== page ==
"In 2000, I voted against letting China into the World Trade Organization. Since joining, China has refused to play by the international rules that all WTO members must agree to. As this report clearly shows, when China cheats, Wisconsin workers lose. It's time to hold bad actors like China accountable when they use unfair trade actions that disadvantage American manufacturers and undermine the ability of American businesses to compete on a level playing field."

U.S. Rep. Lou Barletta (R-Pa.-11):

"I have long been concerned with China's unfair and predatory trade practices. These activities hurt the U.S. economy, and we must make certain that nations who engage in trade cheating are held accountable for their actions. As a driving force behind the 2016 ENFORCE Act, which took steps to prevent countries from circumventing trade laws, I am pleased that the Trump Administration is addressing the illicit practices of foreign bad actors like China, and I will continue to support efforts that level the playing field for affected domestic businesses and help protect the American worker."

U.S. Rep. Rick Crawford (R-Ark.-01), Co-Chairman, Congressional Steel Caucus:

"For years, China's illegal trade practices have undermined American businesses and the jobs those businesses support. On a level playing field American companies can compete with anyone else in the world. I continue to support actions that put American interests first."

U.S. Rep. Debbie Dingell (D-Mich.-12):

"Our primary focus must be bringing jobs to the US and having trade policies that put the needs of working people and their communities first. Our workers can compete against anyone, but they need a level playing field. Five thousand jobs lost in Southeast Michigan is unacceptable and has a real human cost in our community. I'm fighting for the Michigan economy, manufacturing and keeping our state at the forefront of innovation."

U.S. Rep. Marcy Kaptur (D-Ohio-09):

"The U.S.-China trade deficit has had a devastating economic impact on our economy and hard-working Americans. Since 2001, 6,600 jobs in my district have been lost to offshoring and to unfair Chinese trade practices. Workers across our region and in China's sweatshops deserve better. Holding job exporters accountable and working with our allies to better target the culprits of global excess are first steps to balancing trade accounts."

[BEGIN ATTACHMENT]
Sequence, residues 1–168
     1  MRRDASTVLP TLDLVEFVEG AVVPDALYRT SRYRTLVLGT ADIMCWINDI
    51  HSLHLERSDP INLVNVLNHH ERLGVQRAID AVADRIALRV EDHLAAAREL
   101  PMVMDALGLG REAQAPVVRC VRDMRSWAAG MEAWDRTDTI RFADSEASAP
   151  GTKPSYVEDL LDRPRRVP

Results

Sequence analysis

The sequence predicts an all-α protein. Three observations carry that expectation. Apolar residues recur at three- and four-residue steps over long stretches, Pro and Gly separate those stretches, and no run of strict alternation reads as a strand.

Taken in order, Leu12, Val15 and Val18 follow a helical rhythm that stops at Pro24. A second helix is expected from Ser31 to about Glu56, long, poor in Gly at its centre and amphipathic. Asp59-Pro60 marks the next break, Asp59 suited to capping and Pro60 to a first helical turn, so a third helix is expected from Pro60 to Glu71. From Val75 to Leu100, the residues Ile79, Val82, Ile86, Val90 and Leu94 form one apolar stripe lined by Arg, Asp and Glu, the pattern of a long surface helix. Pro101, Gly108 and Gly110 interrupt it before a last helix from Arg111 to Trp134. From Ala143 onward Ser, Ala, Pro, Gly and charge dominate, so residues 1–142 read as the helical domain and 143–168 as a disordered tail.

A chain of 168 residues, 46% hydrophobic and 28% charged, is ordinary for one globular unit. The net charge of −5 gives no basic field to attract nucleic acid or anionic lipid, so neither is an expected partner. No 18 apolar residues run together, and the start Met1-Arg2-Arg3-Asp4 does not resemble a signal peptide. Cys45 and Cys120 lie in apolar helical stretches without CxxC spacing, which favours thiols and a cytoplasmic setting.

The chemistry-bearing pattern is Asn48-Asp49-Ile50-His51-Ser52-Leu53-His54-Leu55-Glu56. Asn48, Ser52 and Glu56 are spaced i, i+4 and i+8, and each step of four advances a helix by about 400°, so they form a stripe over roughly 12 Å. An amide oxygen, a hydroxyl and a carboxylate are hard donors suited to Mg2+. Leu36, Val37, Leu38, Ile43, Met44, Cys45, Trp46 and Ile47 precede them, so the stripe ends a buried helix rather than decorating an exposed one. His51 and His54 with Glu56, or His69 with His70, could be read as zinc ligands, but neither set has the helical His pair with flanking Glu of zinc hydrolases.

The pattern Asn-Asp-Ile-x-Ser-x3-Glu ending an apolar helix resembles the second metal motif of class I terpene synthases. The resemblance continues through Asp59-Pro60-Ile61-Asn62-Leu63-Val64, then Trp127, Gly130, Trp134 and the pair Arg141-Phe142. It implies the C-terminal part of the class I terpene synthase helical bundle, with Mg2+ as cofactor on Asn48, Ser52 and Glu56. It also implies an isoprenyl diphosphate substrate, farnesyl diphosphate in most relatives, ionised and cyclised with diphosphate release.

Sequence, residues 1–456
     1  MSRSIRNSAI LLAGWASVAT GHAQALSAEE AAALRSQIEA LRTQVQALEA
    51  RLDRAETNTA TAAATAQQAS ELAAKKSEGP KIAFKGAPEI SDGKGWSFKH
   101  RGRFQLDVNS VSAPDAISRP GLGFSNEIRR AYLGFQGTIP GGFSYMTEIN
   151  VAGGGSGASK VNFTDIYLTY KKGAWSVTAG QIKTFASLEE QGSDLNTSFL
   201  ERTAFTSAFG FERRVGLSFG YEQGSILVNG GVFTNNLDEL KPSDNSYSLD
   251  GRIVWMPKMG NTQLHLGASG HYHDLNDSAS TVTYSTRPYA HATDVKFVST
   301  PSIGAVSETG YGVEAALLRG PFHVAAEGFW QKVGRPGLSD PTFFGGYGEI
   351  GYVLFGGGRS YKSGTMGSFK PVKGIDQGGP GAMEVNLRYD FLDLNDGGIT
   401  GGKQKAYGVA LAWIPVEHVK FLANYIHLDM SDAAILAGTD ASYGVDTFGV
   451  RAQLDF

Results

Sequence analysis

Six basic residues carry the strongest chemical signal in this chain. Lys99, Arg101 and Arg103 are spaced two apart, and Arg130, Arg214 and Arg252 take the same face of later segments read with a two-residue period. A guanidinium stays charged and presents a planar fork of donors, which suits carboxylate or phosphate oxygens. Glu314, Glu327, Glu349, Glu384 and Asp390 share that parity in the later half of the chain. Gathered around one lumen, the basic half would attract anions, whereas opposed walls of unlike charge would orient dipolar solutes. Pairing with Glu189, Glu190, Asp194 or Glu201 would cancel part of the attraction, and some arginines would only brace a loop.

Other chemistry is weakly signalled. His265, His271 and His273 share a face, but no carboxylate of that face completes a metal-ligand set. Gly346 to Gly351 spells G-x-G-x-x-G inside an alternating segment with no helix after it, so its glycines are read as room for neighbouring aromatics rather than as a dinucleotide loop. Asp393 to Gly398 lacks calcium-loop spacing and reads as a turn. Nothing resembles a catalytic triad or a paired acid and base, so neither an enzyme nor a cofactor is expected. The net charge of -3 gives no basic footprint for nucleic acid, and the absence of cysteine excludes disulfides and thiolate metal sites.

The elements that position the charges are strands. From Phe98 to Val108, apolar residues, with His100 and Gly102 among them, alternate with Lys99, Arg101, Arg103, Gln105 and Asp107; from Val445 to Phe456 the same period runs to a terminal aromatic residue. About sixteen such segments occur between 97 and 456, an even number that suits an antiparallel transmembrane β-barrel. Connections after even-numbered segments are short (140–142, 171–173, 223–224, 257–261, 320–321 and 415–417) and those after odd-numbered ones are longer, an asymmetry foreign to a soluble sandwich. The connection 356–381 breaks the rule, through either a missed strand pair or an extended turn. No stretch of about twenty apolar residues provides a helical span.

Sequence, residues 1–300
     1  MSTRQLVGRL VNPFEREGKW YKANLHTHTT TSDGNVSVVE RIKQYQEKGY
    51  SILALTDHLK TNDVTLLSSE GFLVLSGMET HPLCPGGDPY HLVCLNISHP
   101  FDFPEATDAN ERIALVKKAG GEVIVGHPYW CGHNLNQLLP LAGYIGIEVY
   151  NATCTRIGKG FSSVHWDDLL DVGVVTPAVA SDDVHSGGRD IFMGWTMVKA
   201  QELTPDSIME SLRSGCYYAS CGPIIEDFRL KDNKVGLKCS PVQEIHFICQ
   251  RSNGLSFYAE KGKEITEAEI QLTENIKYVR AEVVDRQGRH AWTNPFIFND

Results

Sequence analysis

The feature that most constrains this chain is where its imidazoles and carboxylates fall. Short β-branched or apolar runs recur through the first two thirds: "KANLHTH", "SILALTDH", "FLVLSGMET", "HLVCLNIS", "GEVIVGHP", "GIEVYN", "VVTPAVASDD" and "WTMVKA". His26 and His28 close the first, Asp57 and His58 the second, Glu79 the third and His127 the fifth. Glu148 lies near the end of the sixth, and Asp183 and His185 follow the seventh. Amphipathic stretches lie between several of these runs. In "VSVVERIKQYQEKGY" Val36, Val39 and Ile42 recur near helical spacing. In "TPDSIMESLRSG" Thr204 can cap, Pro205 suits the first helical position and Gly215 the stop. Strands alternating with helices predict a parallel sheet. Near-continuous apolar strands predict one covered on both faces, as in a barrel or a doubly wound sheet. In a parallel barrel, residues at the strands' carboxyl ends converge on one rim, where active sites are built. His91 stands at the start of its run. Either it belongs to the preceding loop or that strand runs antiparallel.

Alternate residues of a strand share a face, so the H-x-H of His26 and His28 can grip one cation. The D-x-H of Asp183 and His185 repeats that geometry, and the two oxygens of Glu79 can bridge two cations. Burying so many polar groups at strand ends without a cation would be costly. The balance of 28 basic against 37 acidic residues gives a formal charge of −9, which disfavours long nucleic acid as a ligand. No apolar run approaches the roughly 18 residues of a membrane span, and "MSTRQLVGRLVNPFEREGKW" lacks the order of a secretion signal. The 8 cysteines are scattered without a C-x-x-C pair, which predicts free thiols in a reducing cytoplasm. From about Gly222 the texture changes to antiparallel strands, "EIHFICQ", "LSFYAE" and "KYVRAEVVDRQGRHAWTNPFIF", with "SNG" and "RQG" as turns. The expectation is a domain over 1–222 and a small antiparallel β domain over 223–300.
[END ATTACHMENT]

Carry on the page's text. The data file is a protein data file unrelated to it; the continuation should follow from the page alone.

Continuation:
U.S. Rep. Dan Lipinski (D-Ill.-03):

"The numbers don't lie. Despite some changes in policy, it is painstakingly clear that China continues to inflict damage on American manufacturers, their hard-working employees, and the middle class with their unfair trade practices. Stopping China and other countries from cheating American workers is a bipartisan issue that those on both sides of the aisle should be able to get behind."

U.S. Sen. Jeff Merkley (D-Ore.):

"If we don't make things in America, we won't have a middle class in America. This important report shows that subpar labor and environmental standards are a form of subsidies that make manufacturing in China artificially cheap. If we want to stand up for American workers, we need to fight for a level playing field for American businesses and workers, and not let China undercut our wages and environmental protections."

U.S. Rep. Rick Nolan (D-Minn.-08):

"Make no mistake, our Nation's skyrocketing trade deficit with China has reached a tipping point – costing the American economy and workers billions in lost wages and millions of good paying jobs - triggering a devastating ripple effect in mining, manufacturing, transportation, building trades, and Main Street businesses across Northern Minnesota. We can no longer allow foreign subsidized poor-quality products to flood our markets and undermine American businesses. The fact is, American workers produce the best products in the world – and when given a level playing field, they win almost every time. But they can't be expected to compete with one hand tied behind their backs because of massive trade deficits and unfair trade practices by trade cheater nations like China. This study serves as a warning sign of what's to come if we fail to address this catastrophic issue. Congress and the White House must act now to stabilize the growing trade deficit with China once and for all, or risk further damage to our communities and our economy."

U.S. Rep. Pete Visclosky (D-Ind.-01), Vice Chairman, Congressional Steel Caucus:

"I applaud the initiative of the Alliance for American Manufacturing and the Economic Policy Institute for documenting in this report the devastating impact of China's illegal trading practices on American workers and our industrial base. The American manufacturing industry is absolutely essential to the strength of our national economy and our national defense. We must continue to do all we can to fight back against the illegal trading practices of China and all other countries that cheat in order to defend the dignity of the American workforce."